– Light or radiance remaining in the sky after the sun has set. (Oxford dictionaries)
– Sense of fulfillment, completeness, and general wellbeing that one feels after the effects of a psychoactive drug have faded. (Urban dictionary)
– The mildly euphoric feeling experienced after a pleasurable experience. (Wiktionary)
Amsterdam is a city of many facets. It literally offers all the kinds of afterglow mentioned above.
Whatever one’s pleasure, the canals offer something for everyone. Just catching sight of the dusk reflecting on them is enough to give me a high.
The best way from Vienna to Salzburg is by train; it’s convenient and you see a bit of the Austrian countryside.
Though photography through the window of a moving train can be a challenge, I managed to snap a few.
As the trip progressed and the city faded in the distance, I was reminded of the song “Vienna” by Billy Joel.
“Slow down, you crazy child
Take the phone off the hook and disappear for a while
It’s all right, you can afford to lose a day or two
When will you realize
Vienna waits for you.”
And the alps.
Billy Joel continues.
“And you know that when the truth is told
That you can get what you want or you can just get old
You’re gonna kick off before you even get half through
Why don’t you realize, Vienna waits for you
When will you realize, Vienna waits for you?”
I found this window in a pub in Cesky Krumlov (Czech Republic) intriguing because of the wheel. For some time it was a mystery to me what the wheel was for.
After some research, I now believe it’s a spinning wheel, used to spin thread or yarn from natural fibers. Invented in India, it was widely used in Europe until it was displaced during the Industrial Revolution.
The mystery is probably solved, but now it takes on a different meaning, evoking the old days before electricity when people were spinning threads near windows.
A window to the past.
(Venus of Willendorf on display at the Natural History Museum in Vienna, Austria)
The Venus of Willendorf is a 4.4-inch figurine made around 28,000 years ago, a famous example of “Venus figurines” from the Old Stone Age (Upper Paleolithic). (Archeologists associate this period with the earliest appearance of modern humans — this is where “Paleo diet” comes from, also called caveman diet or hunter-gatherer diet).
The “oldest undisputed example of a depiction of a human being yet discovered” is the Venus of Hohle Fels dating as far back as 40,000 years ago.
These figurines, no more than a few inches high, are carved from stone, ivory, or molded from clay. Many depict women with exaggerated sexual features, faceless heads and missing arms and legs. Their use and meaning are naturally subject to much speculation and nobody will probably ever know.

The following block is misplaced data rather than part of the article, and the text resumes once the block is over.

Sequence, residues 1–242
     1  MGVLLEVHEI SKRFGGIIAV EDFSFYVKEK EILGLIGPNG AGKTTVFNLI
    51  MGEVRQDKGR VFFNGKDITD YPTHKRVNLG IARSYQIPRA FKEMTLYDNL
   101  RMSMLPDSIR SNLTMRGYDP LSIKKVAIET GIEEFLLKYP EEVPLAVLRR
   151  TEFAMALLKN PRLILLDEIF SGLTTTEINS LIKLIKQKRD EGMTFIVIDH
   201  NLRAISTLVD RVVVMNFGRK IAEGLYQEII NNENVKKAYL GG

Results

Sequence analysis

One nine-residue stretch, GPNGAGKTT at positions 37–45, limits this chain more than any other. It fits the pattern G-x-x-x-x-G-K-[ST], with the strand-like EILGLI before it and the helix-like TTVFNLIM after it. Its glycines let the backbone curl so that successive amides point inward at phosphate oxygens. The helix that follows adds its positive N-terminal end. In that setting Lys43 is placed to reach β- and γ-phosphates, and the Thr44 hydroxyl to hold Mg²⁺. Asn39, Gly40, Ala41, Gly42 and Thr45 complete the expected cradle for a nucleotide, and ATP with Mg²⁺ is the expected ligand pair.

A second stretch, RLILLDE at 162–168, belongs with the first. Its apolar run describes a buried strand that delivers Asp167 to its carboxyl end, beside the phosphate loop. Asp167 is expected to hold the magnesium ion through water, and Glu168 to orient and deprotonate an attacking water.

The exact purpose of the carvings aside, it is worth noting that they show such detail and craftsmanship. It is mind-boggling that such artifacts of great creativity and symbolism already existed in the Stone Age, a manifestation of culture at the dawn of human history.
The Venus of Willendorf, like other Venus figurines, is unusual. But maybe we can also take pride that our species is truly unusual too.
“The best portraits are those in which there is a slight mixture of caricature.”
– Thomas Babington Macaulay
York Castle was built on the orders of William I to dominate the Viking city of York in Northern England in the year 1068.
Clifford’s Tower, the keep (strongest and most secure part) of the castle, survives to this day and is one of the most distinguishable landmarks of the city.
It has gone through a tumultuous history involving massacres, fires, explosions and wars.
It has been used as an office, an armory, a prison, and even a cattle shed over the centuries.
The tower has a commanding view of the city, perhaps only matched by the more famous York Minster in the distance.
Going down the spiral staircase, one is reminded of how lonely it must have been for the guardsmen as they kept watch over Clifford’s Tower.
“Human says time goes by –
Time says human goes by.”
Not quite Evanescent
The world today sometimes makes us feel “broken” in our everyday life, our aches and pains and joys disjointed, we ask “what is the meaning of it all?”
“The easiest thing to do is throw a rock. It’s a lot harder to create a stained glass window.”
– Jon Foreman
Stained glass windows are made of fragments, like pieces of a puzzle. Only when viewed from afar that they transform into a beautiful whole.
If we stop and step back, maybe we can see how far we have come. In our relationships, the joys we have brought to others, our contribution to the world no matter how small, perhaps we can see a pattern emerging – a beautiful stained glass window in the making.
“People are like stained – glass windows. They sparkle and shine when the sun is out, but when the darkness sets in, their true beauty is revealed only if there is a light from within.”
– Elizabeth Kubler-Ross
Stained glass windows offer a glimpse into something sublime. They tell us that there is something beyond the mundane, that perhaps we can transform ourselves and our world beyond the ordinary.
Stained glass windows at St. Vitus Cathedral in Prague, Czech Republic